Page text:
The Mid-Autumn Festival is also called the Moon Festival or the Mooncake Festival. It traditionally falls on the 15th day of the eighth month of the Chinese lunar calendar, which is in September or early October on the Gregorian calendar.
In 2021, the Mid-Autumn Festival falls on September 21st (Tuesday). Chinese people have a 3-day public holiday from September 19th to 21st.
A “mid-autumn festival” is also celebrated in many other Asian communities besides China. In China, it's a reunion time for families, just like Thanksgiving, while in Vietnam, it's more like a children's day.
The Mid-Autumn Festival is the second most important festival in China after Chinese New Year. Chinese people celebrate it by gathering for dinners, worshiping the moon, lighting paper lanterns, eating mooncakes, etc.
Mid-Autumn Festival Facts
- Name in Chinese: 中秋节 Zhōngqiūjié /jong-chyoh-jyeah/ 'middle autumn festival'
- Also called: Mooncake Festival, Moon Festival
- 2021 date: Tuesday, September 21st. See more on Mid-Autumn Festival Dates.
- Public holiday: September 19–21 (Sunday–Tuesday), 2021
- Why it's celebrated: to worship the moon and celebrate the harvest
- Must-eat food: mooncake
- Celebrations: family gatherings, admiring the full moon, eating mooncakes, lantern lighting, etc.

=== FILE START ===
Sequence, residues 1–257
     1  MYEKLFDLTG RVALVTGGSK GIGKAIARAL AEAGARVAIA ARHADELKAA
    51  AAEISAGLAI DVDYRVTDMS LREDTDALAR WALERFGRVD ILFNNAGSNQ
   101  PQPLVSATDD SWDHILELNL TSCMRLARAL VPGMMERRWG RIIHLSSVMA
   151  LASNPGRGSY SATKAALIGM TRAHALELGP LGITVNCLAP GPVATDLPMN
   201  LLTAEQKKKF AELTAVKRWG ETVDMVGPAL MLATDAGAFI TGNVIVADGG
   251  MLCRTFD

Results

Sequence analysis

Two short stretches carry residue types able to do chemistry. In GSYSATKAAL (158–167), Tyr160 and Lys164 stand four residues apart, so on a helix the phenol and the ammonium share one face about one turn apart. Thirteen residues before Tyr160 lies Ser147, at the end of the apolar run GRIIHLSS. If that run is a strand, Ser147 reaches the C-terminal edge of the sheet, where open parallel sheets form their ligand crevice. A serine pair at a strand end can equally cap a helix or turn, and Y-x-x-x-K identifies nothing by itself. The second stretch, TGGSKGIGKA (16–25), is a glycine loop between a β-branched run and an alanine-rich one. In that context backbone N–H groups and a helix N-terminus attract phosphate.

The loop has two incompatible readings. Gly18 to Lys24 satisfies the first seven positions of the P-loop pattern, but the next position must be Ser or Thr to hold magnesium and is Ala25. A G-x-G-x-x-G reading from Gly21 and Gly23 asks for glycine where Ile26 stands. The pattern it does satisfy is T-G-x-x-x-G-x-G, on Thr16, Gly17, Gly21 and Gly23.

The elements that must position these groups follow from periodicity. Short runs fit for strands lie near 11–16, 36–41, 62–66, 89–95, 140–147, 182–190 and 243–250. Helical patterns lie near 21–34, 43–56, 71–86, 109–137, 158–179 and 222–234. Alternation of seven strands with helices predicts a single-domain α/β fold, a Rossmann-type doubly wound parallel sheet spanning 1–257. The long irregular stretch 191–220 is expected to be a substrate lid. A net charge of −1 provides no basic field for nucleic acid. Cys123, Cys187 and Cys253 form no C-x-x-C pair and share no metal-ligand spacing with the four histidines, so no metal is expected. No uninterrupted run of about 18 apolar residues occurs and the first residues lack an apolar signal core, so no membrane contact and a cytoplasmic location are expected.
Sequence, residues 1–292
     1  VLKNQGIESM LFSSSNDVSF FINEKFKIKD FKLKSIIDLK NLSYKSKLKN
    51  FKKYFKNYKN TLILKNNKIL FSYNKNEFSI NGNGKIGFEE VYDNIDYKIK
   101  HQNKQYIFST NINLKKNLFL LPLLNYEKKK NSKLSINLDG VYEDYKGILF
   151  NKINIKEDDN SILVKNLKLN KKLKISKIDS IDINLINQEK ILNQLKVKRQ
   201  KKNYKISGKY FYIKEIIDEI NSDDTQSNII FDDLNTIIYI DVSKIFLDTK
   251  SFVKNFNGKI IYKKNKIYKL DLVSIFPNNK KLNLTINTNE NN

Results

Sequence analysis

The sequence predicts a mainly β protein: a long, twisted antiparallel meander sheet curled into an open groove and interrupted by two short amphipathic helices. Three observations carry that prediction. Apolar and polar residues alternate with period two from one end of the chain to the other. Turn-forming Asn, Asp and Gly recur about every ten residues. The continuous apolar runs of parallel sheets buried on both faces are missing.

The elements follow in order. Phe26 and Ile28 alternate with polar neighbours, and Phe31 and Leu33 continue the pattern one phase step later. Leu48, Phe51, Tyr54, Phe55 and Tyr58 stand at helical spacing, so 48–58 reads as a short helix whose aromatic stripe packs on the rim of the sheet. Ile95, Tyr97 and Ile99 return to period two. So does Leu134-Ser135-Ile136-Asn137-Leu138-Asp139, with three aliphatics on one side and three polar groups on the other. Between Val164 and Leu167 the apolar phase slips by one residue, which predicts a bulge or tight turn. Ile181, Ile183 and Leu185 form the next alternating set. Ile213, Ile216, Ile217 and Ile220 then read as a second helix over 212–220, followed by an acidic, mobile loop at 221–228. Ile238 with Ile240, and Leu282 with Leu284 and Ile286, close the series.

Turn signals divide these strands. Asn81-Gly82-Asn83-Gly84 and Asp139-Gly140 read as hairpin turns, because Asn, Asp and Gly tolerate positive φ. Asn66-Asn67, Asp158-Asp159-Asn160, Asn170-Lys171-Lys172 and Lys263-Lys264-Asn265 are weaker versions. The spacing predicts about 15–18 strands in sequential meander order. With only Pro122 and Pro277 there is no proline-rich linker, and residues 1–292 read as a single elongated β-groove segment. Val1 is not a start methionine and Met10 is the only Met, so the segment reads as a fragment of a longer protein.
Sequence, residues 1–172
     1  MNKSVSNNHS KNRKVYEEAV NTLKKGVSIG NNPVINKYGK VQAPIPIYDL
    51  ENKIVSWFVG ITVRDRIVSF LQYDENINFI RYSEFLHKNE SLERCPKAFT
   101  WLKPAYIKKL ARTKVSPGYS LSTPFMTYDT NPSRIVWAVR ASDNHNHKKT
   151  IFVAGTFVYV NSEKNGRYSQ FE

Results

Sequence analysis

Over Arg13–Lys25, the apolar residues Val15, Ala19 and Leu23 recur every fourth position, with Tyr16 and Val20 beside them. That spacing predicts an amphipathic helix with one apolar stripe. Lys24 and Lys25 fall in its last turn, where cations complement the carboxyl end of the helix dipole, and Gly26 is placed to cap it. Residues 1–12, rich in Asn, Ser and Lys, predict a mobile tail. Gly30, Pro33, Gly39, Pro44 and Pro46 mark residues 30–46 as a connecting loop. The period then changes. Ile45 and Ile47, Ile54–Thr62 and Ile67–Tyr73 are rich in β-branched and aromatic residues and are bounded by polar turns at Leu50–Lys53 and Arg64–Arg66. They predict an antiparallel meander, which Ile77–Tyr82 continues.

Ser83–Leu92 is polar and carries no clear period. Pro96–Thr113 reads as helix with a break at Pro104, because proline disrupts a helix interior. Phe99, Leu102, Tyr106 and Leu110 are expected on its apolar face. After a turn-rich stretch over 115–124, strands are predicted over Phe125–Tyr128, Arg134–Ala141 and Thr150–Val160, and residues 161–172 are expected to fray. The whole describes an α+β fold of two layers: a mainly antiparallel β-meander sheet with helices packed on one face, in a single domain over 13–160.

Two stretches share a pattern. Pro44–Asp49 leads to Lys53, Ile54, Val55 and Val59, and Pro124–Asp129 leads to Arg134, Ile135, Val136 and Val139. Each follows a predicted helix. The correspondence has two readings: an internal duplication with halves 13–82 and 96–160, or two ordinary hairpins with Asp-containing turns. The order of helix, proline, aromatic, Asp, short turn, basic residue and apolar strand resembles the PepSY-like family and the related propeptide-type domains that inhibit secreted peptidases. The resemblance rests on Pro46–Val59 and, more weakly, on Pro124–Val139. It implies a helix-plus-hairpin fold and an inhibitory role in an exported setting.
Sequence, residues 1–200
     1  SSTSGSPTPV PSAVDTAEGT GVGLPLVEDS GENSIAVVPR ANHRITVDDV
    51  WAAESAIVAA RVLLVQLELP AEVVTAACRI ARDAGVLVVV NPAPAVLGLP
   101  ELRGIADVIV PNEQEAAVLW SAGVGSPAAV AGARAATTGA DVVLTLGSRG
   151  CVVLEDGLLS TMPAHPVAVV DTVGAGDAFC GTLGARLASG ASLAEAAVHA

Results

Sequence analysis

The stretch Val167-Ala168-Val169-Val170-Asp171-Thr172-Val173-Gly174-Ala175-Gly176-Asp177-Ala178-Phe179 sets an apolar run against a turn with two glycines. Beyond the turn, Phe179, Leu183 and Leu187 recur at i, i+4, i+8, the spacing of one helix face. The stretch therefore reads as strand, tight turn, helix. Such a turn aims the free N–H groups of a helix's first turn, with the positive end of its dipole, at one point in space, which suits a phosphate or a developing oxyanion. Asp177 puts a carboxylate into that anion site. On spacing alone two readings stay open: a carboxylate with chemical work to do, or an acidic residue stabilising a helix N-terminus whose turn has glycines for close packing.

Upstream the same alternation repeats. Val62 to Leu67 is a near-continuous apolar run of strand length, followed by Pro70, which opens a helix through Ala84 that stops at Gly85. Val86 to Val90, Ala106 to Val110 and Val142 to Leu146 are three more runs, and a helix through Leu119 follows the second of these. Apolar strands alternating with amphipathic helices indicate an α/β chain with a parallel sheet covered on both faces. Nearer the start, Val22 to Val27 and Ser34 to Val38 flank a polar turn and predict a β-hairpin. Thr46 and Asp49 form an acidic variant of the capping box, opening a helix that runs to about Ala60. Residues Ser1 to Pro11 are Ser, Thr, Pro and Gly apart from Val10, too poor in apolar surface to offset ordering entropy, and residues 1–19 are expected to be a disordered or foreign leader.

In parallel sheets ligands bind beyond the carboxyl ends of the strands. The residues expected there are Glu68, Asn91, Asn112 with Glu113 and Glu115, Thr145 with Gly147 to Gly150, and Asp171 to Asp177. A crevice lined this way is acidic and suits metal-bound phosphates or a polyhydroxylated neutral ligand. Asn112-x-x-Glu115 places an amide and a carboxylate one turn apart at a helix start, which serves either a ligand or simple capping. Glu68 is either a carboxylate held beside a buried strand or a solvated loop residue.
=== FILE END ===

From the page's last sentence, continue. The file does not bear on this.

- Greetings: The simplest is "Happy Mid-Autumn Festival" (中秋快乐 'Mid-Autumn happy').
How the Chinese Celebrate Mid-Autumn Festival
As the second most important festival in China, Mid-Autumn Festival is celebrated in many traditional ways. Here are some of the most popular traditional celebrations.
Enjoying Family Reunions
The roundness of the moon represents the reunion of the family in Chinese minds.
Families will have dinner together on the evening of the Mid-Autumn Festival.
The public holiday (usually 3 days) is mainly for Chinese people working in different places to have enough time to reunite. Those staying too far away from their parents’ home usually get together with friends.
Mooncakes are the most representative food for the Mid-Autumn Festival, because of their round shape and sweet flavor. Family members usually gather round and cut a mooncake into pieces and share its sweetness.
Nowadays, mooncakes are made in various shapes (round, square, heart-shaped, animal-shaped …) and in various flavors, which make them more attractive and enjoyable for a variety of consumers. In some shopping malls, super big mooncakes may be displayed to attract customers.
Appreciating the Moon
The full moon is the symbol of family reunions in Chinese culture. It is said, sentimentally, that “the moon on the night of Mid-Autumn Festival is the brightest and the most beautiful”.
Chinese people usually set a table outside their houses and sit together to admire the full moon while enjoying tasty mooncakes. Parents with little kids often tell the legend of Chang'e Flying to the Moon. As a game, kids try their best to find the shape of Chang'e on the moon.
Want to share the Mid-Autumn Festival story with your family? The 3-minute video below will show you all about it.
There are many Chinese poems praising the beauties of the moon and expressing people’s longing for their friends and families at Mid-Autumn.
Worshiping the Moon